Science  28 Sep 2001:
Vol. 293, Issue 5539, pp. 2367

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  1. Court Asked to Reconsider

    Several academic groups are asking the Maryland Court of Appeals to reconsider part of a recent decision that they say could halt “virtually all” research involving children.

    The 16 August ruling, which concerned a study of home lead cleanup by the Johns Hopkins University (JHU)-affiliated Kennedy Krieger Institute, says no child or legally impaired adult should be allowed to participate in “nontherapeutic” studies involving “any risk” (Science, 31 August, p. 1567 and 14 September, p. 1997). This sweeping wording “would have a devastating impact” on research by barring standard procedures such as needle sticks and the use of placebos, says an amicus brief filed by JHU, the Association of American Medical Colleges, the Association of American Universities, and the University of Maryland Medical System. The groups ask the court to rescind this portion of the decision. An AAMC spokesperson says the court has indicated it may hear the appeal in October.

  2. West Nile Watch

    The West Nile virus keeps popping up in more U.S. states. In the last month, health authorities in Maine, Illinois, Wisconsin, Iowa, Kentucky, Alabama, and Tennessee reported detecting the agent in birds or other animals for the first time.

    West Nile, which had never been found in the Americas until it hit New York City in 1999, has now been reported in 24 states and the District of Columbia, and “we need to assume that it's going to spread throughout the country,” says Duane Gubler, head of the Centers for Disease Control and Prevention's arthropod-borne virus lab in Fort Collins, Colorado. Gubler suspects that migratory birds transported the virus to southern states such as Florida and Louisiana in the fall of 1999 or 2000; from there, it probably hitched a ride to the northern Midwest this spring.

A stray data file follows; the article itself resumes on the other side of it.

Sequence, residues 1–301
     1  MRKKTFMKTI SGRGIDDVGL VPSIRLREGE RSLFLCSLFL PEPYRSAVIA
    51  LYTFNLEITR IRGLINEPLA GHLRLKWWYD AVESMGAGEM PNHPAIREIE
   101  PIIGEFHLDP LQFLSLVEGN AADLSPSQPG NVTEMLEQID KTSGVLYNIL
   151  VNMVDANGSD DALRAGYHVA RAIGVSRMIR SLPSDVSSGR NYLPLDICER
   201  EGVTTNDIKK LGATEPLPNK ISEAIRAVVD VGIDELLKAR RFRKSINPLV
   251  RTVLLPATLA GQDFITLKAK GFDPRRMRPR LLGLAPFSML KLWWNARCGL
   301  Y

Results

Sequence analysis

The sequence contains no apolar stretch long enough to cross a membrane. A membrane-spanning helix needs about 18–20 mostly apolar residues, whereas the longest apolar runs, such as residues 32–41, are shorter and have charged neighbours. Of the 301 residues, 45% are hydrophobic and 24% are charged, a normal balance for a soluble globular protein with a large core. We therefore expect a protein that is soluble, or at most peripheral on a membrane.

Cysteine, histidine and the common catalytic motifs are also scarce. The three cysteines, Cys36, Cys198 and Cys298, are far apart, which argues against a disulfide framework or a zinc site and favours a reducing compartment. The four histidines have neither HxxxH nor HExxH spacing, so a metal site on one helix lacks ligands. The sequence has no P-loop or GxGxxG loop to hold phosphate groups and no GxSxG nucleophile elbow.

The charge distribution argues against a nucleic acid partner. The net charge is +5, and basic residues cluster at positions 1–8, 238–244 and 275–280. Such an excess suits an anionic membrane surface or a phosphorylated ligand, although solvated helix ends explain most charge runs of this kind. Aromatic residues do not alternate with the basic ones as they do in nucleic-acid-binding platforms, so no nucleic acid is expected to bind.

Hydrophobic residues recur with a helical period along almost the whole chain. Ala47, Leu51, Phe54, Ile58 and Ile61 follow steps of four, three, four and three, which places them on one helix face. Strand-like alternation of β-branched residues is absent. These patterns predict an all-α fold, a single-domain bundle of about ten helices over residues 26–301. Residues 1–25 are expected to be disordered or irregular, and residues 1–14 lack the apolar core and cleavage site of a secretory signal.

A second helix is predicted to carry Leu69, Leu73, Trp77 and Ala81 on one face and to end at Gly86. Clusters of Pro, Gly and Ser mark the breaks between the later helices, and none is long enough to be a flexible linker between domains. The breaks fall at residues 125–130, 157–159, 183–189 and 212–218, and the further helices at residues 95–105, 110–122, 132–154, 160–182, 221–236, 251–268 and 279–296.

So far, the human toll has been relatively low: Early this week, there were 26 reported or suspected cases, including one fatality, compared to 62 cases in 1999 and 18 last year. And even if it conquers the rest of the country, good surveillance, prevention, and control measures should prevent the virus from becoming a major public health threat, says Gubler: “This is a virus we can deal with.”

  3. Self-Policing

    Clinical researchers at the University of Michigan (UM) are taking steps to keep ahead of ethics regulators. In a “proactive” move, says spokesperson Kara Garvin, a review of genetic and molecular medicine this year resulted in stepped-up oversight of all clinical protocols and a 3-year suspension of research privileges for Alfred Chang, a top cancer investigator.

    The self-initiated audit, according to the university, turned up inadequate or late documentation of informed consent, noncompliance with protocols, and improper reporting of adverse events. Chang's suspension and a decision to quadruple spending on clinical oversight, announced several weeks ago, are designed to reinforce “the importance of the rules governing clinical research trials, particularly those protecting human volunteers,” said UM vice president Gilbert Omenn.

    In a Web posting (∼newsinfo/Releases/2001/Aug01/chang.html), Chang argues that many patients had benefited from his studies but acknowledges the need for better compliance with the rules.

  4. Stem Cell Fight

    The Wisconsin Alumni Research Foundation (WARF), which holds the patent on human embryonic stem cells, has gone to court again in a bid to curb efforts by biotech company Geron to expand its claims over WARF's cell lines. The California company has an exclusive commercial license to use six types of cells derived from the Wisconsin stem cells, but it is claiming it still has an option for more.

    WARF says no, it doesn't want all its cells tied up by Geron and unavailable to other researchers, and it filed suit on 13 August to get a federal court to back up its reading of its agreement with the company. This week, WARF added a stipulation to the complaint: It wants the court to declare that Geron—contrary to the company's claim—has no exclusive rights to “research products” of the stem cells, such as cell-based screening assays, except where they have been combined with Geron's own patented technology.

    “We're anxious to be able to license other companies to make research products … without the cloud of Geron claiming that we've breached the agreement,” says WARF managing director Carl Gulbrandsen. A Geron spokesperson says the company doesn't comment on pending litigation.